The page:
SugarCRM's Latest Is 'SaaS in a Box'
Page 1 of 1
Software as a Service (SaaS) is a wonderful model for enterprises and end users that don't want to deploy software on their own infrastructure. But what happens if you want to set up your own SaaS business and don't want to just pass of customers to a big SaaS vendor?
That's the general idea behind professional open source vendor SugarCRM's in development Sugar Data Center Edition (DCE). Sugar DCE enables SugarCRM partners to effectively have control of their own SugarCRM SaaS deployments. The new SugarCRM offering comes as both the CRM and SaaS marketplaces heat up with Salesforce.com and NetSuite pushing to grow share and revenues.
"What this is essentially is SaaS in a box," Martin Schneider Director of Product Marketing at SugarCRM told InternetNews.com. "It's packaging up our infrastructure and allowing our partners and our customers to take advantage of that to deal with multiple instances of Sugar from one centralized console."
SugarCRM already offers a SaaS offering called Sugar On Demand which is where the technologies for DCE were refined. The DCE version will enable third parties to do On Demand themselves with systems management, monitoring and provisioning tools for Sugar.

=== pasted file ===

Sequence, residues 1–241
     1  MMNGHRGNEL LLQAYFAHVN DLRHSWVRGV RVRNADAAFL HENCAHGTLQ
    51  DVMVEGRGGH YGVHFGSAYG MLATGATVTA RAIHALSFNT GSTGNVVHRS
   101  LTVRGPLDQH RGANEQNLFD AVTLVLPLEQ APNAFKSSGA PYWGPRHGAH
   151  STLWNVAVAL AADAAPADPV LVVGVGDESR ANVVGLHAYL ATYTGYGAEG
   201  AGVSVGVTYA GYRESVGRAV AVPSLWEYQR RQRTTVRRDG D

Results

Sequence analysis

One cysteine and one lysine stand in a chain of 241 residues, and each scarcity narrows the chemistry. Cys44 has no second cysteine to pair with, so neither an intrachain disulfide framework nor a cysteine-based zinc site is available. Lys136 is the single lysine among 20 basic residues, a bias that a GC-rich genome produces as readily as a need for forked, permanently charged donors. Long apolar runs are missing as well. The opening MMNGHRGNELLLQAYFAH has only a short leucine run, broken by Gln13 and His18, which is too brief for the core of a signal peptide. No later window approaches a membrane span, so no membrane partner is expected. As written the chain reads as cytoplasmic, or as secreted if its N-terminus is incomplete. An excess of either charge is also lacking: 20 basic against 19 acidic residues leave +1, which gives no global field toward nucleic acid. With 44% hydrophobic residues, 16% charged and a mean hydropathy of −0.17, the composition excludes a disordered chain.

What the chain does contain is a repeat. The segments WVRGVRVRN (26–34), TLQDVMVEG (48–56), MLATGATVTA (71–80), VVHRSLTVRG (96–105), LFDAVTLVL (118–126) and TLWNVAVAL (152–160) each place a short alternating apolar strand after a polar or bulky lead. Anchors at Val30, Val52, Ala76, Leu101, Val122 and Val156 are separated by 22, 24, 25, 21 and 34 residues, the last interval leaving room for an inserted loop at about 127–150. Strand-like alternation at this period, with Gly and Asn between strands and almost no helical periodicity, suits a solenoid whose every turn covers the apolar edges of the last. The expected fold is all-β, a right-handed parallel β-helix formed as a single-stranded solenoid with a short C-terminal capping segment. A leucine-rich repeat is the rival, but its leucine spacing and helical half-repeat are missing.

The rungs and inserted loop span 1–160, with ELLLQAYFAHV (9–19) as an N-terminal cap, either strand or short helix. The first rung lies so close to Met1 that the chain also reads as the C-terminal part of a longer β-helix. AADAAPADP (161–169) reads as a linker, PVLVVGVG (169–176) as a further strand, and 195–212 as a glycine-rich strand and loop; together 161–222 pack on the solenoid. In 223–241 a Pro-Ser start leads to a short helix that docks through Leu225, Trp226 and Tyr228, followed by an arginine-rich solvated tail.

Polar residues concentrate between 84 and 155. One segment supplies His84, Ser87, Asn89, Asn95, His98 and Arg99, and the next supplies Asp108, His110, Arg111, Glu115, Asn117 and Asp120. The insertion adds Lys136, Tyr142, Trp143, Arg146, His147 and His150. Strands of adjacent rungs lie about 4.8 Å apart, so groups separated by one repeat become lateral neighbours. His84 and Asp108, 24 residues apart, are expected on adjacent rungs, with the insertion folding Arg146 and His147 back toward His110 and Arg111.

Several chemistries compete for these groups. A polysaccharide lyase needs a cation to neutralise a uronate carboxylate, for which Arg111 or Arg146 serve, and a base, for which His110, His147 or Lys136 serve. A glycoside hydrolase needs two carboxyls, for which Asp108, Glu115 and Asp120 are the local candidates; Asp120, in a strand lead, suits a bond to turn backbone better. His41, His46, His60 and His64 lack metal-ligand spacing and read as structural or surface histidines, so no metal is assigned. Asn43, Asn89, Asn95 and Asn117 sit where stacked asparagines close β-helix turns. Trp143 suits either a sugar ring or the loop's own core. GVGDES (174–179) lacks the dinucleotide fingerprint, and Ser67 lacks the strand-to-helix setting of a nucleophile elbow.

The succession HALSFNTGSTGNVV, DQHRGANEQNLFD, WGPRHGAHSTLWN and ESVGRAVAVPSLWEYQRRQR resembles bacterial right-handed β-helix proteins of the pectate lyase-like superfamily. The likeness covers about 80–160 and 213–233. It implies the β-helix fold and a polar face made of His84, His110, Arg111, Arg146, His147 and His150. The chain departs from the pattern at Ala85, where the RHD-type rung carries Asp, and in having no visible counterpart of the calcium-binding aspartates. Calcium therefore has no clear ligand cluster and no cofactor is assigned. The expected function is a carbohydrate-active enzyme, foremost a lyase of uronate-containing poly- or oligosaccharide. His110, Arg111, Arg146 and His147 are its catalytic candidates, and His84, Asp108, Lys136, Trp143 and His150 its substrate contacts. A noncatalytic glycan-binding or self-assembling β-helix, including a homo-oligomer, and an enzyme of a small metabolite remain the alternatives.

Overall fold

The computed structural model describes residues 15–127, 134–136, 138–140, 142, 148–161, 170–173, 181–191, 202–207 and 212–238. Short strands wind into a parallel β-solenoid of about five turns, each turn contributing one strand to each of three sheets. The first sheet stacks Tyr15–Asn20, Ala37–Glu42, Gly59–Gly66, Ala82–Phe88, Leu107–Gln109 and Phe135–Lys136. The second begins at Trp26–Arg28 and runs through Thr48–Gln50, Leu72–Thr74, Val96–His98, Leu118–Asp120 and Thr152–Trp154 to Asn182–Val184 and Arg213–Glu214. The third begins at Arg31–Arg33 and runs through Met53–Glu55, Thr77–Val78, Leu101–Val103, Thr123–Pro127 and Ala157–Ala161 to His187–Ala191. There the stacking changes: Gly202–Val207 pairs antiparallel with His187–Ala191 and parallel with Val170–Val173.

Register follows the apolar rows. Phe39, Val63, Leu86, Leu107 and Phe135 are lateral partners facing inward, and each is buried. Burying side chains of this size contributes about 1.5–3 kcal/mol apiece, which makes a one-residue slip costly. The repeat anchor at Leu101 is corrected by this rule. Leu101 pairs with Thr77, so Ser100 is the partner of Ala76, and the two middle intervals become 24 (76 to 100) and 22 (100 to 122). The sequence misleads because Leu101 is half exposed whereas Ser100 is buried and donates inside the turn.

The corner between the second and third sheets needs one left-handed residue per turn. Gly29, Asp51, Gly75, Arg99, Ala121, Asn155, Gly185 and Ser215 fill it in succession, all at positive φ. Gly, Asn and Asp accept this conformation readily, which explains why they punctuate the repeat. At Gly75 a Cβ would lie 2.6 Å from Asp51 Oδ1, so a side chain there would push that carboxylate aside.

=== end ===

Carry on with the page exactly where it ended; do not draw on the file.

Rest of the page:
The DCE is a more viable approach to deploying multiple instances of Sugar than simply using virtualization according to Schneider. In a basic virtualization scenario a provider could simply clone an instance of Sugar and run it on multiple virtual machines. Schneider argued that Sugar DCE is a bit different. He explained that DCE includes subscription and license management tools as well as activity reports that are all customized for the needs of a Sugar deployment.
"If you're doing Sugar this takes the legwork out of it," Schneider said. "We've been building it for ourselves and this works. It's highly available and scalable."
Making more money
Fundamentally though, the Sugar DCE is about enabling the ecosystem of SugarCRM channel partners to make more money.
"I used to be an analyst and I'd see SaaS partners with Salesforce and NetSuite get a little bit of money up front but when they renew the vendor would come in and push them out," Schneider alleged. "We're not trying to do that, we want to give our partners the power to create highly verticalized and localized solutions so they can control more of the margin and more of the revenue over the lifecycle."
Schneider added that the benefit to SugarCRM is they get some of the license fee and the Sugar brand expands.
"With SaaS the vendor is also the service provider," Schneider said. "We're trying to let our partners be all of that."
The DCE itself is not Open Source, though Schneider noted that it will still benefit open source users. Schneider argued that a partner could just as easily deploy the community open source edition of SugarCRM as the commercial version. SugarCRM is available under a dual commercial and open source license model. Since the 5.0 version the open source license has been the GPL version 3.